Yes, of course. Thanks for asking! The Rose Garden is an actual time travel story, about a woman who returns to the old Cornish manor house where she and her family spent the summers of her childhood, and where she now finds herself sharing the house with the people who lived there three centuries earlier. The book will be out, as you say, this coming May in the UK and Canada (and Germany), but my American readers will have to wait until the fall, when Sourcebooks will be bringing out their edition of it. In the meantime, you can learn a bit about the book and read the first two chapters at my web site. (http://www.susannakearsley.com/therosegarden.html)


9. I see a lot of books that you have written that I would love to read. Is there one that is your favorite that you could recommend to me and anyone else interested?

The Winter Sea is actually my favorite, because I think it’s the best and most mature work that I’ve ever done, and it was such a joy to write. The writing just “came”, much as it does for Carrie in the book, and that’s a rare thing when it happens. On the other hand, Mariana has always been my sentimental favorite, because it was the first “big” book I wrote, and the one that really opened all the doors for me, and it, too, was a joy to write. But I’m bad at choosing books for other people. When my readers write to me, the three books they seem to love most are The Winter Sea, Mariana, and The Shadowy Horses, if that helps!

10. Is there anything that I didn't cover that you would like to talk about or say to your potential readers?

Only that I’ve seen it mentioned in a few places lately that The Winter Sea is a re-issue, and I wanted to correct that, because it really isn’t. It’s my most recent book, published in 2008 in the UK, Canada, and Germany, and since then in a handful of other countries. Sourcebooks bought the manuscript in 2009, from my American agent, and they’re the first people to publish it in the U.S., so it’s technically not a re-issue of an old book, but the first U.S. publication of a new one. (Which probably doesn’t matter to most people, I know, but I just thought I’d clear that up!)

Thanks so much again for having me here as your guest, and for asking such interesting questions.


What would you like to ask the readers?

I’d like to ask, what country and/or time period do you most like to read about?

Giveaway!!

Sourcebooks has been kind enough to provide 3 copies of "The Winter Sea" for this giveaway. The giveaway is open to US and Canadian residents only. I intend to make the entry into this giveaway as simple as possible.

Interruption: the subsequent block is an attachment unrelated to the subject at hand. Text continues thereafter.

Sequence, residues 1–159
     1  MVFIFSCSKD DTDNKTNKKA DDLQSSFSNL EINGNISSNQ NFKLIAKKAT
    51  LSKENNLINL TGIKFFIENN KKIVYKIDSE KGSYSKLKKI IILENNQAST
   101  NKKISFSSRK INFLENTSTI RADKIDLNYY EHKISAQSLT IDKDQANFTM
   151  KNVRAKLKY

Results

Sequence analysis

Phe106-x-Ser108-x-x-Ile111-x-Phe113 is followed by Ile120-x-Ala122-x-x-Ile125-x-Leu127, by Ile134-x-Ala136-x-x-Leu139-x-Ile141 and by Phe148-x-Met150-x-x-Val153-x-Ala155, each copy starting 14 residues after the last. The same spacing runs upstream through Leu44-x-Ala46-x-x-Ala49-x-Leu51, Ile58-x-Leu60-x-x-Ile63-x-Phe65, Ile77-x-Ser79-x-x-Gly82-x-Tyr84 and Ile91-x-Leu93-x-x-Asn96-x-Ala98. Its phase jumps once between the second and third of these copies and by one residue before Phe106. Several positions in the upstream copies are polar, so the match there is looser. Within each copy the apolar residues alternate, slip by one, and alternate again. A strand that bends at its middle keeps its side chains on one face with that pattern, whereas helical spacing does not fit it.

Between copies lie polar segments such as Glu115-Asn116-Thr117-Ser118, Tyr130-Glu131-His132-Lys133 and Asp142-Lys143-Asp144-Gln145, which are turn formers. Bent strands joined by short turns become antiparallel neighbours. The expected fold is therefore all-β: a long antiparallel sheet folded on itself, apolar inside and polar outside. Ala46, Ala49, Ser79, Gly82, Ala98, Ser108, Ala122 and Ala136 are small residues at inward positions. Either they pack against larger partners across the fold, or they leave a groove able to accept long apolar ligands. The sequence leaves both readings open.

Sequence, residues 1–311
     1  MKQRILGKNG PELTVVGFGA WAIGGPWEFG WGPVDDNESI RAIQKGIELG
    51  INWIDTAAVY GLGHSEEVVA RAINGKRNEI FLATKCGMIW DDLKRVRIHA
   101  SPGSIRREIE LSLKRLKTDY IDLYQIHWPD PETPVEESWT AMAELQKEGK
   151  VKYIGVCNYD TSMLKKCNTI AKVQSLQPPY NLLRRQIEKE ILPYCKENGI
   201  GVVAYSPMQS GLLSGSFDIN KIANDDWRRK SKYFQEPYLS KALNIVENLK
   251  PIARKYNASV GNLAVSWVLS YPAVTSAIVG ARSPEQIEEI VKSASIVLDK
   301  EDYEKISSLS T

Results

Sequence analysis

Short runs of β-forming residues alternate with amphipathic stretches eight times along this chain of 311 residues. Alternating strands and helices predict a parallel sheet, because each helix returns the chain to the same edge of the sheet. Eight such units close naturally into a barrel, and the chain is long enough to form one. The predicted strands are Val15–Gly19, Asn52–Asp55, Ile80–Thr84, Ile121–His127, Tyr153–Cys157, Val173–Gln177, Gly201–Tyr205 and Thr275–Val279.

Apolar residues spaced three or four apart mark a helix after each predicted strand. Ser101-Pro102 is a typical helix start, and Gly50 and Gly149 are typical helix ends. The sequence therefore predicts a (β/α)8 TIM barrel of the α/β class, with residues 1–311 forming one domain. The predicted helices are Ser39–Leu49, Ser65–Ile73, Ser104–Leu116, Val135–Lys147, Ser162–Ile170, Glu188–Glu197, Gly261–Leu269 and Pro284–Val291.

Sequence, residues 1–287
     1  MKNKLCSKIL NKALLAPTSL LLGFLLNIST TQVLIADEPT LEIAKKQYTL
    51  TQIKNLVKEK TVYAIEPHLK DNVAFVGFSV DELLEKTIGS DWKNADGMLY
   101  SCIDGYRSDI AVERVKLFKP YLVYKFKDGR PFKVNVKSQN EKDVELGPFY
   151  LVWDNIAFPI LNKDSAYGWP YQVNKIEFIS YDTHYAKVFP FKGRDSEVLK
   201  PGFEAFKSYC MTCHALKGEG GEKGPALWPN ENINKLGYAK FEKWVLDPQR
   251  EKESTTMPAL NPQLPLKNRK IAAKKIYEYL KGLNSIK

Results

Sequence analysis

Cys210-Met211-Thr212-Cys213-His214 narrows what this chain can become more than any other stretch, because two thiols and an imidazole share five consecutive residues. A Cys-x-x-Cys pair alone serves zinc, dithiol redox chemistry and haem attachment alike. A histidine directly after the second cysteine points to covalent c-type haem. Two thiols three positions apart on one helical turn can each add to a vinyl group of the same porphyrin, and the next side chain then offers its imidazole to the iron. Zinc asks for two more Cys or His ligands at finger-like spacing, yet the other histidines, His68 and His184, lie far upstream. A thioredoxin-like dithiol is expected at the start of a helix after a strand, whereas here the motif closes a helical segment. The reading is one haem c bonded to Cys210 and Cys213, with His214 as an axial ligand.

1. You must comment answering Susanna's question above. 
2. Being a follower is appreciated and worth extra entries but not required.
3. You must fill out the FORM.
4. Extra entries for spreading the word.
5. Drawing will be held on December 18, 2010. All winners will be chosen using random.org

 

16 comments:

stacey said...

I Like all defrent time but the late 1800 early 1900 have a lot of things starting like trains, lights and other stuff that makes that time entresting

J. L. Jackson said...

I enjoy reading Ancient Egyptian historical fiction.

Kristen said...

I would enjoy reading back in the victorian times from England I would have loved to see what it was like back then

Kristen
My Bloody Fairy Tale

Marcie said...

I love reading about ancient Egypt or Elizabethan times.

Crystal ♥ said...

I love the regency era and also the 'old west'.

Tore said...

I would love to read about the days of King Arthur and Camelot. Tore923@aol.com

Vivien said...

I love either the ancient Egyptian time period or the Victorian era. Simply amazing.

Vivien
deadtossedwaves at gmail dot com

Jules@OneBookShy said...

Great interview. I like to read pre-1900s, especially Scotland, England, Ireland, etc.

Thanks!

Jules
onebookshy at yahoo dot com

Carrie at In the Hammock Blog said...

i just read the winter sea!! it was really intriguing!

Linda Henderson said...

I like the regency period in England and the old west in the USA.

seriousreader at live dot com

Nightly Cafe said...

I love Ireland, any time period. Great interview :).

Carol L. said...

My favorite and 31 read is always Scottish Highlanders and Scotland. I also enjoy and love anything Celtic. I really enjoyed your interview. You are a new to me Author and I'm so glad I found you because I now have your books on my wish list.I'm a GFC follower under Lucky47.
Carol L
Lucky4750@aol.com

Carol L. said...

ooops, that was supposed to read "#1" read.
Carol L
Lucky4750@aol.com

Laura H. said...

Thanks for the great giveaway! My favorite country is England and the time period is anything prior to the modern era. I also like to read stories set in the Scottish Highlands during the 1600-1700s.

BornajhawkATaolDOTcom

Brooke said...

I love reading about England.

wanda f said...

My favorite times and place to read about is 1700"s - 1800"s Scotland I cannot get enough of those highlanders .I love paranormal romances set in today preferably the US
flanagan@mebtel.net